Chicago Teachers Union repeatedly pushes for tax hikes in Springfield

Mailee Smith

Senior Director of Labor Policy and Staff Attorney

Mailee Smith
June 8, 2023

Chicago Teachers Union repeatedly pushes for tax hikes in Springfield

The Chicago Teachers Union registered its opinion on legislation more than 1,360 times in just six legislative sessions. Its legislative priorities would drive up taxes and make government more expensive, no matter where you live in Illinois.

The Chicago Teachers Union pours money into political campaigns, but also uses its clout to push lawmakers to support its legislative agenda. That agenda is not taxpayer friendly.

In the Illinois General Assembly’s six legislative sessions between 2011-2022, CTU logged support or opposition over 1,360 times on at least 480 pending bills, according to data obtained by the Illinois Policy Institute from the Illinois General Assembly.

While many of the bills were related to education or labor and employment issues, many were not. Many weren’t strictly related to Chicago.

That means no one in Illinois is immune to CTU’s ideology.

In addition to policies that could hurt kids and families, CTU advocated for many bills that could hurt taxpayers. Some policies would directly raise taxes, while others would make government more expensive and leave taxpayers to pay the bill.

CTU advocated a number of policies that would directly raise taxes for Illinoisans

CTU frequently calls for tax increases, from higher income and property taxes to taxing “rich people.”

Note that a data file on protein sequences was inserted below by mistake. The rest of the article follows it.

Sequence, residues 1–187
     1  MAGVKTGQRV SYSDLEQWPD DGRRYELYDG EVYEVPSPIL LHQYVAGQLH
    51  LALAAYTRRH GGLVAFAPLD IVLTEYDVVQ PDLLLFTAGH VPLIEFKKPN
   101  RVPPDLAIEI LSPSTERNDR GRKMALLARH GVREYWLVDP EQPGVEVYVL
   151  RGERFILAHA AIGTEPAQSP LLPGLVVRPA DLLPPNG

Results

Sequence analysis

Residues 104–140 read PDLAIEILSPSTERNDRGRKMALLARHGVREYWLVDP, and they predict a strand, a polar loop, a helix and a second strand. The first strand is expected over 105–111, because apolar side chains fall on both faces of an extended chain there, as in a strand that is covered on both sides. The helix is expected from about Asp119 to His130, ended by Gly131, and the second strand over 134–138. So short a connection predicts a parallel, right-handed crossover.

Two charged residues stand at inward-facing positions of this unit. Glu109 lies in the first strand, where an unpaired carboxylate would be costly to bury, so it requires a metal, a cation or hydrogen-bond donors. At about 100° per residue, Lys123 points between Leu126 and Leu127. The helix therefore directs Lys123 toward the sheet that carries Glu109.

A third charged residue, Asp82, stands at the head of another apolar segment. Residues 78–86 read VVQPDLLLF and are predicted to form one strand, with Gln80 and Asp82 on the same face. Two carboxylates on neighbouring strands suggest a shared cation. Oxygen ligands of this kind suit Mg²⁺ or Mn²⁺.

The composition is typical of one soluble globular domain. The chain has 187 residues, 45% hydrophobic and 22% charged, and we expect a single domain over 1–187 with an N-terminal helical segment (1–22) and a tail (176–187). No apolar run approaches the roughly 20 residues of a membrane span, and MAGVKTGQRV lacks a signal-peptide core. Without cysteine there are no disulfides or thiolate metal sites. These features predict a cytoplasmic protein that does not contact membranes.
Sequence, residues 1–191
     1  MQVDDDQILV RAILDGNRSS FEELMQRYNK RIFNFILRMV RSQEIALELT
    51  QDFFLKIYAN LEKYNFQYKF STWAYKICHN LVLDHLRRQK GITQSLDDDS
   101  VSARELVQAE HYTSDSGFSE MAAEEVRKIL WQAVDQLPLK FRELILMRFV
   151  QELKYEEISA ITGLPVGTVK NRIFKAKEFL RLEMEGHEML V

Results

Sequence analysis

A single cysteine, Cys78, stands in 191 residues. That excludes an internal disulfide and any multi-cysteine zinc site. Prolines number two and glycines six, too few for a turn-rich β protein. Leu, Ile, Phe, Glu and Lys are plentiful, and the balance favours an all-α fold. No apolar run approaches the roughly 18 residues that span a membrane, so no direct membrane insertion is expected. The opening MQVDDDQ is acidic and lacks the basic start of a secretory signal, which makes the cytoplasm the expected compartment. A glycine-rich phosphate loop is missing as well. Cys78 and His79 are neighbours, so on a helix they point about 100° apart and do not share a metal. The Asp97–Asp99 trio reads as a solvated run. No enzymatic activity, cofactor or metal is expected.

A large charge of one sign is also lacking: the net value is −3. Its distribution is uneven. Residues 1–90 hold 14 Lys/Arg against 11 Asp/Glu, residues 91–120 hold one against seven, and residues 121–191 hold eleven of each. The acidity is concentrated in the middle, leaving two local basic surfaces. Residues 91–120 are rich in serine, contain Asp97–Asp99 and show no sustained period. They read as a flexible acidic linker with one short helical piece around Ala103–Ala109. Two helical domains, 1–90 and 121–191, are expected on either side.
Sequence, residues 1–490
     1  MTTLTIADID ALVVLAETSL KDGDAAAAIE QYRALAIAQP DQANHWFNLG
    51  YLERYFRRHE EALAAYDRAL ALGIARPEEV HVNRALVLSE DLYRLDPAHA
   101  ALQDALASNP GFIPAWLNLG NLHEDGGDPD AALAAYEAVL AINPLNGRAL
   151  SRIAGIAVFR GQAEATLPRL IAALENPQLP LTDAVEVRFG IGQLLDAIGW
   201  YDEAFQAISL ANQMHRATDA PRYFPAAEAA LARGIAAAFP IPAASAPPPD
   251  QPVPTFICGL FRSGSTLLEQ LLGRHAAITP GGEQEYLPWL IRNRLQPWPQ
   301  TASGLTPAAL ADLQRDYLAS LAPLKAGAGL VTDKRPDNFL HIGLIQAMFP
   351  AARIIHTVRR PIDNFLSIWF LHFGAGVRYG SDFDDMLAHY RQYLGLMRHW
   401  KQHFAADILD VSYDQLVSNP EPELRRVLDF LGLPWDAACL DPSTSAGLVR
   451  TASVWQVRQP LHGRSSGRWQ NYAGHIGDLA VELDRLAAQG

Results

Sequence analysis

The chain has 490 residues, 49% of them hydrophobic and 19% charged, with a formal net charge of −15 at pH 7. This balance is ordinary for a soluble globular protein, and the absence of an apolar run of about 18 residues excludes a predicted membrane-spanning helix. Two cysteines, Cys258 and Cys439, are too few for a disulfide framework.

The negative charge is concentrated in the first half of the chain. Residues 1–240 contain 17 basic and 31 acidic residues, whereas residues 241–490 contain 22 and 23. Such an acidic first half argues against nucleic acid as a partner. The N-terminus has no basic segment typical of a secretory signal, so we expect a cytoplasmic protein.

And CTU wants access to it all.

“We have a governor who has committed to legalizing recreational marijuana and putting a tax on it, we can take that as well,” CTU President Stacy Davis Gates once said. “They are also talking about sports betting. We can take that. They’re talking about opening a new casino here in the city of Chicago. We can take that.”

New Chicago Mayor Brandon Johnson was CTU’s lobbyist before the union handpicked and bankrolled him to capture the mayor’s office. Johnson ran his campaign on promises of raising revenue by $800 million, by making “the suburbs, airlines and ultra-rich pay their fair share.” His plan included reinstituting a head tax on employees, raising the real estate transfer tax on high-end home sales and taxing financial transactions.

CTU’s propensity to support tax increases also came across in the bills the union supported or opposed in the past six legislative sessions.

For example, CTU filed a witness slip in favor of multiple bills creating a progressive income tax on Illinoisans. Billed as a “fair tax,” a progressive income tax would have placed new taxes on businesses and individuals and opened the door to taxing retirement income in Illinois. It could also allow creation of municipal income taxes.

One of the progressive income tax bills CTU pushed was passed and placed on the ballot in the 2020 general election. Voters defeated it 53%-47%.

CTU also slipped in favor of at least two bills imposing a “privilege tax” of 20%, in addition to other already existing taxes, on partnerships and S corporations engaged in investment management services.

That is the opposite of what Chicagoans want. A 2023 survey conducted by Echelon Insights on behalf of the Illinois Policy Institute showed most Chicagoans prefer lowering taxes on businesses.

Companies are leaving Illinois, frequently citing high taxes. Boeing, Caterpillar, Citadel, Highland Ventures and Tyson Foods moved offices or positions out of the state in 2022. One of Chicago’s largest financial services firms, Guggenheim Partners, is expected to join Citadel and move its headquarters to Miami.